Diet may affect the development of asthma. We investigated whether asthma or atopy outcomes at 8 yrs of age were associated with long-term dietary exposure, and whether associations were different for consumption at early or later age. The Prevention and Incidence of Asthma and Mite Allergy (PIAMA) birth cohort enrolled 4,146 participants at baseline, who were followed up to 8 yrs of age. Dietary intakes of interest were fruit, vegetables, brown/wholemeal bread, fish, milk, butter and margarine. Associations between food intake at early (2-3 yrs) and later (7-8 yrs) age, and long-term intake, asthma and atopy at 8 yrs of age were calculated by logistic regression. Complete longitudinal dietary data for at least one of the food groups were available for 2,870 children. Fruit consumption at early age was associated with reduced asthma symptoms (OR per 1 consumption day per week increase 0.93, 95% CI 0.85-1.00). Long-term fruit intake was inversely associated with asthma symptoms (OR 0.90, 95% CI 0.82-0.99) and sensitisation to inhaled allergens (OR 0.90, 95% CI 0.82-0.99). We found no consistent associations between diet and outcomes for other foods. This study indicates no consistent effects of increased early or late consumption, or long-term intake of certain foods on asthma and atopy in 8-yr-olds, with a possible exception for fruit. Copyright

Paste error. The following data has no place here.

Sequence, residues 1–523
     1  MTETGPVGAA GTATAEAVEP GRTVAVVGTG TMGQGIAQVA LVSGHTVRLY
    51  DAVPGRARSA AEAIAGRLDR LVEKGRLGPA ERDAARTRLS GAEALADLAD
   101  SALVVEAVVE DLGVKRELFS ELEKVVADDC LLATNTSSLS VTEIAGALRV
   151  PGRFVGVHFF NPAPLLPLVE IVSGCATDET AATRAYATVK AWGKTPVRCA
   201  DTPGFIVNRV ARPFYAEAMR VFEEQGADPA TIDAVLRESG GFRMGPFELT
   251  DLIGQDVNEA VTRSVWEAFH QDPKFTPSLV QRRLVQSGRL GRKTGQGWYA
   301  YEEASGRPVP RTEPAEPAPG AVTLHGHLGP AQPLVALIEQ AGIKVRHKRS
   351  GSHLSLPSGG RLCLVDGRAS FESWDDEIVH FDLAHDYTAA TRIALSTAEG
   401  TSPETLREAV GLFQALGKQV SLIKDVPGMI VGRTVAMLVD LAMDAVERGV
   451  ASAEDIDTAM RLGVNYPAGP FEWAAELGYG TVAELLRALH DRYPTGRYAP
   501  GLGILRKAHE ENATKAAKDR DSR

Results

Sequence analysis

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The European Respiratory Journal
Erasmus MC: University Medical Center Rotterdam

Willers, S., Wijga, A., Brunekreef, B., Scholtens, S., Postma, D. S., Kerkhof, M., … Smit, H. (2011). Childhood diet and asthma and atopy at 8 years of age: The PIAMA birth cohort study. The European Respiratory Journal, 37(5), 1060–1067. doi:10.1183/09031936.00106109